by Zhiqi Wang
With the recent popularisation of the film ‘Parasiteʼ, inequality has again received attention, rare amidst the COVID-19 incident. Indeed, inequality might not be as eye-catching as new incidents of confirmed cases of coronavirus, but it has arguably a further reaching impact on the fabric of society.
In the movie, two families – the Kims and the Parks – have contrasting features and belong to two entirely distinct classes in society. What caught my attention was the male lead who took over his friendʼs tutoring job. Despite being portrayed as hardworking and repeating the national university entrance exams 4 times (2 before the army and 2 after), he was still unable to gain entry to a national university, leaving him essentially unemployed.
Does this remind you of Singapore? Just like South Korea, Singapore has one of the most comprehensive educational systems in the world, leading the PISA charts. From young, children understand the importance of doing well academically, fuelled by the fear of not joining the cohort to enter university. In fact, the current education system goes a step further, implementing streaming from an age as young as 10 years old.
From statistics published by the Ministry of Education, just over a third of each cohort of children enters local university to enjoy heavily subsidised school fees, as well as eligibility into some of the most prestigious and well remunerated careers. Looking closer into the data from the World Inequality Database on Education (WIDE), Singapore has one of the largest gaps for achievement in academic subjects between the poorest and richest, meaning that high income has a direct correlation with academic results, and ultimately, university admission.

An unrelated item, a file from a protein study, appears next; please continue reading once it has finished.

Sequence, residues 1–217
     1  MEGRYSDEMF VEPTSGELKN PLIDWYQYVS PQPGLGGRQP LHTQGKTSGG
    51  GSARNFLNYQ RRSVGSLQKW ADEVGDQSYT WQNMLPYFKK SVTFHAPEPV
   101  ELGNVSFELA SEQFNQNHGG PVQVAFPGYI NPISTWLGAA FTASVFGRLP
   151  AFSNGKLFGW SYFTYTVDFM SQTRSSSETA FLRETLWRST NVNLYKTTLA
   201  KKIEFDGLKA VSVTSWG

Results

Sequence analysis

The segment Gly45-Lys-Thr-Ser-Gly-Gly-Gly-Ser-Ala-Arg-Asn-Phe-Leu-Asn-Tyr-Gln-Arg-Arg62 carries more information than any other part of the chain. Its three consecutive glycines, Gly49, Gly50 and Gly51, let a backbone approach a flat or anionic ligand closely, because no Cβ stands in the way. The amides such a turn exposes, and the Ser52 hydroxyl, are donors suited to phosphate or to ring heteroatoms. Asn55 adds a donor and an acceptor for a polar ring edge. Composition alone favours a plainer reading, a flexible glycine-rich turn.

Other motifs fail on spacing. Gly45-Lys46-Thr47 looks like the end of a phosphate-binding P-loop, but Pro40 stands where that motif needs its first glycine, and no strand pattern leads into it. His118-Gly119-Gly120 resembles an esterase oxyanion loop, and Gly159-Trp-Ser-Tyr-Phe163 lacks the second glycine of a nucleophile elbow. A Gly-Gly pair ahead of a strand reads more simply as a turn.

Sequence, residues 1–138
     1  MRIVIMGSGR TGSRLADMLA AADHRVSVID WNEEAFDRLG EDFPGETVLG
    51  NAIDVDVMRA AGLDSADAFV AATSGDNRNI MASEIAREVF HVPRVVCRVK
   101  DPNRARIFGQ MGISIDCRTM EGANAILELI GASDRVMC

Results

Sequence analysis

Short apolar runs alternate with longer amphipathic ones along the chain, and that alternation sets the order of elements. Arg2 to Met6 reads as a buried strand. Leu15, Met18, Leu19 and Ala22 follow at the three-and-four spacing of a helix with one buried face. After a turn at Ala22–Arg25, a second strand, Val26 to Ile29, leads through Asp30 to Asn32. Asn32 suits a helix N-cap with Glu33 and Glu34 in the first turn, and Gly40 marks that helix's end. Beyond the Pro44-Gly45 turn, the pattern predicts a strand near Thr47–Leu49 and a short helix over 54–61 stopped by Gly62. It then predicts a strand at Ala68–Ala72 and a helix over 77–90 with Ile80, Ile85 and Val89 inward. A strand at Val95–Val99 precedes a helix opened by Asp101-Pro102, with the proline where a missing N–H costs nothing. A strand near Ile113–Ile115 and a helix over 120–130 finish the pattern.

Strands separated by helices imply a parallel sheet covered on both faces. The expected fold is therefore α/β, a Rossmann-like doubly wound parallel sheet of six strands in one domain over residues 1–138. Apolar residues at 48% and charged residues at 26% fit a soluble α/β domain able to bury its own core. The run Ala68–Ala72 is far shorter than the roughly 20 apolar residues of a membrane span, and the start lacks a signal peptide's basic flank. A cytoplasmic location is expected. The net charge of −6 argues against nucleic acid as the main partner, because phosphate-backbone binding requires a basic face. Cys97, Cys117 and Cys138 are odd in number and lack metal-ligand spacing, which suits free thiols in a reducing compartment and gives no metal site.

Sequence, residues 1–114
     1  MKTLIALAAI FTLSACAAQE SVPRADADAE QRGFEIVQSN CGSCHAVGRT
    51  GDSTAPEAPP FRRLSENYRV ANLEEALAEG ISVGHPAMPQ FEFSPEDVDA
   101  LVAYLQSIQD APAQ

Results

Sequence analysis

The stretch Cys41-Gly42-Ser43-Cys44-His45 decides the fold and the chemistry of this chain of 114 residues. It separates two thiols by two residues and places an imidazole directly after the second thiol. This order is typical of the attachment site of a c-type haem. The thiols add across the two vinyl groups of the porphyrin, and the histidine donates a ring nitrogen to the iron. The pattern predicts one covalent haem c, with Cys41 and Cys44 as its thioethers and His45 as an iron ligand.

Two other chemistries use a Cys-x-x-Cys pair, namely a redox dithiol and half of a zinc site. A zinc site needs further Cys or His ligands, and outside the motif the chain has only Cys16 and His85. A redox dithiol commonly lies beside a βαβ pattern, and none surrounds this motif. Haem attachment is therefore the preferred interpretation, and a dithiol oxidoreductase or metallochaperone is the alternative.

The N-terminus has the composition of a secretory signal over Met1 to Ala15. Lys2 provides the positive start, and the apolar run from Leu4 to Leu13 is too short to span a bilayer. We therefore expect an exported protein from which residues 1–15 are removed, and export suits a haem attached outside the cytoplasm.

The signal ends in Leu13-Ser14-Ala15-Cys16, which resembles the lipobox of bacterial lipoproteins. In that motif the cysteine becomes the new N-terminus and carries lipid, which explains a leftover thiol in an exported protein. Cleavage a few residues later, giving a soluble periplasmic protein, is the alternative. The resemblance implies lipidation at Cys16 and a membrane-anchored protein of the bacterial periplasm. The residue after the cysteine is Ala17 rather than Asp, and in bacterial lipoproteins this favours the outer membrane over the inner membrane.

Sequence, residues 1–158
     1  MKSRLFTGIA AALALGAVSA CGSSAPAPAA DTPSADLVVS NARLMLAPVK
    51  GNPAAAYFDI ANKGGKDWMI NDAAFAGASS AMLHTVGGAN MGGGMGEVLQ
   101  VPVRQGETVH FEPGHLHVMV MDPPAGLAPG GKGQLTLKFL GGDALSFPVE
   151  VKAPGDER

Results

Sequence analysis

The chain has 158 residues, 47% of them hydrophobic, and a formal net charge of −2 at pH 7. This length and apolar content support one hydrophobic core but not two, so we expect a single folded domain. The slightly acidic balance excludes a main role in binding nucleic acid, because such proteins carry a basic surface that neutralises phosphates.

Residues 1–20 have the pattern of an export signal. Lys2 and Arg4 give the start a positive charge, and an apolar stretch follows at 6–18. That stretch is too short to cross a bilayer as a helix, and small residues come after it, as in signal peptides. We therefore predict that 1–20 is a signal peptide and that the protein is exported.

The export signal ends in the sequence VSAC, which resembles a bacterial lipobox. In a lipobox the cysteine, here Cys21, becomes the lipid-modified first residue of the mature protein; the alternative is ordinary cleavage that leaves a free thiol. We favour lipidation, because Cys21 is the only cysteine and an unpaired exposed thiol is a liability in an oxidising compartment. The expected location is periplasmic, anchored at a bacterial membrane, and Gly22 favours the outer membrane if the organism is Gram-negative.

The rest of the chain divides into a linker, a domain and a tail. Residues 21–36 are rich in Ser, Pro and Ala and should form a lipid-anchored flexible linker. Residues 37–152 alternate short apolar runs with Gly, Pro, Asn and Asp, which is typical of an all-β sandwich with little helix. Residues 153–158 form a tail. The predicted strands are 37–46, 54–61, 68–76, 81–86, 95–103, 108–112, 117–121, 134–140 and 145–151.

What has caused this? I would argue it’s the unequal access to resources. Attending school until Junior College in Singapore, I understand the amount of resources necessary to groom a student in Singapore: extracurriculars, music classes, and most importantly, tuition. These items can simply be inaccessible to low-income families. Children from these families struggle, both academically and psychologically, often believing that their wealthier classmates might simply be smarter and more talented. Through 12 years of education, the differences diverge and some believe that they are only fit for manual (or lower-paid) work because they werenʼt as talented as their more affluent classmates.
There are real and tangible educational differences between growing up in a low-income or high income family, and this will destroy the meritocratic vision of Singapore, a land of opportunities. There is definitely much work that can be done and there are plans to implement new changes.
The government has now reserved up to 20% of primary school spots for low income families in top primary schools, and has made local universities more accessible through bursaries and revised admission strategies (e.g more spots for students from the polytechnic route). Only time will tell if these changes will even the playing ground for future cohorts.